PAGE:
His scouting report actually highlights that his passing ability is underlined by his technical prowess, so it’s curious that he’s not utilised this, or been playing in a role that has looked to utilise this skill. He’s also apparently relatively quick, and a consistent performer, both fantastic traits for my tactical approach. My scouts also highlight that, despite his transfer-listing, he’s a leading player for any Bundesliga side, would be a fairly good social fit into the side, and enjoys big games. It’s a very positive scouting report, besides his penchant for a competitive streak which can lead to him bending the rules.
With his suppressed value and the information contained in his scout report, it looks a reasonable decision to sign him – particularly given his age of 26, giving us potential re-sale value should we need it, plus he would nicely fit into the mix in terms of players being of a similar age profile already in the squad.
His spirited personality, whilst not being top of the preferred list, isn’t a bad one. What really is in his favour though is his player traits of runs with the ball through the centre, gets forward whenever possible and runs with the ball often. All of these could help to split a defence open if he attracts the opposition towards him and laying off the ball to a teammate in space, or taking on a shot when ghosting into the box as a third-man run.
His scout report also highlighted his considerable technical, mental and physical attributes that were hinted at in his pros and cons.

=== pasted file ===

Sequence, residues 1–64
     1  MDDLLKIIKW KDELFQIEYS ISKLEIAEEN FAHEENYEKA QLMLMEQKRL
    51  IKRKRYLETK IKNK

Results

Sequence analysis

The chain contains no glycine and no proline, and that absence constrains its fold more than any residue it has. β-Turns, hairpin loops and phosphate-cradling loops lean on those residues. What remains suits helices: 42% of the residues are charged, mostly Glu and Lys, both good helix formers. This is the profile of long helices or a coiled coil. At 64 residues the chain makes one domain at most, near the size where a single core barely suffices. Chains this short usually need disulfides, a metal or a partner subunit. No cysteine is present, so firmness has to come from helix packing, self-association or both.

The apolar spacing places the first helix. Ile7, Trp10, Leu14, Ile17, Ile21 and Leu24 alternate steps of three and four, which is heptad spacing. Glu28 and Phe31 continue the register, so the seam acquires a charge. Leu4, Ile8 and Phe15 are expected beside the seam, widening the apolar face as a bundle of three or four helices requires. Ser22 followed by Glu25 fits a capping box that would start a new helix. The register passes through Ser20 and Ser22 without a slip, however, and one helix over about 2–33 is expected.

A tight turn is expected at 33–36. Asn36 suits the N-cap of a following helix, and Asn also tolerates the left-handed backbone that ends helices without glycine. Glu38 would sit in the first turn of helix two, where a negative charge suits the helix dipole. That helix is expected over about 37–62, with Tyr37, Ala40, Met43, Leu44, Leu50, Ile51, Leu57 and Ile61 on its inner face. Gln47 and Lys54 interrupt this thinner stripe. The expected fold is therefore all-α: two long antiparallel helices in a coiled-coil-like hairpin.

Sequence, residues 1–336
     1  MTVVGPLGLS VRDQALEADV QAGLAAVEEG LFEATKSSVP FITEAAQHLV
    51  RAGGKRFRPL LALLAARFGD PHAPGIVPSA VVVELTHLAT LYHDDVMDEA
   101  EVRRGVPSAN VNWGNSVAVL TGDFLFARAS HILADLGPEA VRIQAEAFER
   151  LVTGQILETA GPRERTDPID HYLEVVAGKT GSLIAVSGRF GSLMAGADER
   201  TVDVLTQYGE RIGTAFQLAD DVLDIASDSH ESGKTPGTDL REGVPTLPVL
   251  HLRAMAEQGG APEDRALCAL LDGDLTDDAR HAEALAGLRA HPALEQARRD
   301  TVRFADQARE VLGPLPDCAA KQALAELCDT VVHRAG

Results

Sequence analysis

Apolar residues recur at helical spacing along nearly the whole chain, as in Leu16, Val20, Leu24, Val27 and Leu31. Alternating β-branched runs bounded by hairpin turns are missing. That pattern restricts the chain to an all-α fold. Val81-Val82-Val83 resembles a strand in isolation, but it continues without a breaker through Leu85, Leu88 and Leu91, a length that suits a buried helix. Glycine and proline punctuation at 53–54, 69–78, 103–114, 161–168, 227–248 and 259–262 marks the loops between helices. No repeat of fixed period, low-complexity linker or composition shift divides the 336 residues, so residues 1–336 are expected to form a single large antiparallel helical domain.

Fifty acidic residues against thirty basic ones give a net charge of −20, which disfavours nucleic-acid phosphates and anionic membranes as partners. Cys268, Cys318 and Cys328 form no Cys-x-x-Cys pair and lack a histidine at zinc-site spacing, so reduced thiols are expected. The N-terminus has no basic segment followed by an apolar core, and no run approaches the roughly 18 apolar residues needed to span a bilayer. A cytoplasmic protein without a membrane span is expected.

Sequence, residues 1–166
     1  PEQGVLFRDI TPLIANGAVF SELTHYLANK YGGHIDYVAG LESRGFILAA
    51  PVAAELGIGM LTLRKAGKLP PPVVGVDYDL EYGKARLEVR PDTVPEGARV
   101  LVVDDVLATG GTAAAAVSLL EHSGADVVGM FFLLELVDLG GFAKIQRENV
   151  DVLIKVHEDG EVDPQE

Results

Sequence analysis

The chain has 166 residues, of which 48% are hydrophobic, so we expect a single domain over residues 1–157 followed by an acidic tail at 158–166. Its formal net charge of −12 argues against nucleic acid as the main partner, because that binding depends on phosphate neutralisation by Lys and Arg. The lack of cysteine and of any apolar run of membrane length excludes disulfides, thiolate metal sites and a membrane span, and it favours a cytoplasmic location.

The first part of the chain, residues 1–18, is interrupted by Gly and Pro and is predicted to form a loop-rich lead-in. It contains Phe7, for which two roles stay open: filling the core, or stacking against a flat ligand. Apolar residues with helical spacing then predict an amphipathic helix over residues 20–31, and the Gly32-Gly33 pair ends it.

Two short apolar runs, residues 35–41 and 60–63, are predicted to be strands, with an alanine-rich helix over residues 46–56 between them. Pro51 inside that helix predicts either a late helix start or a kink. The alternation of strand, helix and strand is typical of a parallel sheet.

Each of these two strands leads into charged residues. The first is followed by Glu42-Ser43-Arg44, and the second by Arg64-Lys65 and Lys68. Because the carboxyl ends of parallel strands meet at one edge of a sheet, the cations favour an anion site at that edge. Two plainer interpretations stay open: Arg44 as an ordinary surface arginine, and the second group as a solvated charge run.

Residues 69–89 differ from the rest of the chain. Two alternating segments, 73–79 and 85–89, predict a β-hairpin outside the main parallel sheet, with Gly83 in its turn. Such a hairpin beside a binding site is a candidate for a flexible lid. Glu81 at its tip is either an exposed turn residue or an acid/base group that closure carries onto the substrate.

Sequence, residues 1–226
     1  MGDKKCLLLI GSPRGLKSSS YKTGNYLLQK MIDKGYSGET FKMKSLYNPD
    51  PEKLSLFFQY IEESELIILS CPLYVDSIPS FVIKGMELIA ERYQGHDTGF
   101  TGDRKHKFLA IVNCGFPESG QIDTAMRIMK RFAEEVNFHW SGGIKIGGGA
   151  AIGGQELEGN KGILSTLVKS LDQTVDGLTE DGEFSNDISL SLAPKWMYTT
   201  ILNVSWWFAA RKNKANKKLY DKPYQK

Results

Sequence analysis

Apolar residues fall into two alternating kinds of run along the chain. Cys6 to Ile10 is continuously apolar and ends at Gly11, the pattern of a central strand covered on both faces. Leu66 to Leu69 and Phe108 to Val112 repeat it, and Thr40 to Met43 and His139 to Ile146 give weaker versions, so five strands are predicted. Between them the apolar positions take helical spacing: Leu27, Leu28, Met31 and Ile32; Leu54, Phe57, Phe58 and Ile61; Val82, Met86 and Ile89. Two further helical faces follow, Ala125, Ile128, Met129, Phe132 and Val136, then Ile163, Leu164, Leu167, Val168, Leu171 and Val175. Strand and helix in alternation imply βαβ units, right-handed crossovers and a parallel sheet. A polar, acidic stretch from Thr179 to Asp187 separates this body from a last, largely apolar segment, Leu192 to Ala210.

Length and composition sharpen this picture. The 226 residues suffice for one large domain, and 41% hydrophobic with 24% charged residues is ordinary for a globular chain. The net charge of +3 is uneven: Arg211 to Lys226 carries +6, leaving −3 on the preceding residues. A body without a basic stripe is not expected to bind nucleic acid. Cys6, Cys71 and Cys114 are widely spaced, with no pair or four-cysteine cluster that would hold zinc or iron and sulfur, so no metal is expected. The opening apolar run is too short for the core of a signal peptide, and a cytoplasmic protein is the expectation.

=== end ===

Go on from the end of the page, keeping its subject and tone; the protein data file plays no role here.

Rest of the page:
The decision is made to advance the acquisition by submitting a bid at the asking price of £22m. This is swiftly agreed, and so we quickly progress to contract discussions. Frattesi wants to be a regular starter within the first team, which doesn’t come as a shock given his skill level and age, combined with the fact that he wasn’t going to be seemingly seeing much first-team action at Hertha.
We manage to agree to a deal with his agent for £72,000/wk, and a four-and-a-half year deal, with additional bonuses kept to a minium of an appearance fee and an unused substitute fee. The weekly wage makes him a relatively mid-ranked paid player, so this isn’t anywhere close to disturbing our existing salary structure.
The length of the contract means that the annual amortisation value of Frattesi will be exactly £5m. His book value, including his wages, totals £39,348,000, or £8,744,000 per year. This seems relatively shrewd given his indicative transfer value rises to £52-57m upon joining us at the close of the January transfer window. This is well within our budget, and leaves me with plenty of room to make any necessary adjustments to the squad in the Summer should we need to.
I hope that you enjoyed reading the thought-process that goes into transfers when I look to sign players in Football Manager. This, of course, doesn’t have to be the way for everyone, but hopefully it might make you think about areas of transfers that you’ve missed, or perhaps could look into further.
If you have any questions around this topic, or those that I allude to, please don’t hesitate to contact me @afmoldtimer on Twitter. Until next time – auf weidersehen!
3 thoughts on “The Art of the Signing – Football Manager”
Very interesting article how to get started as a soccer manager.
I just recently started to play the game 🙂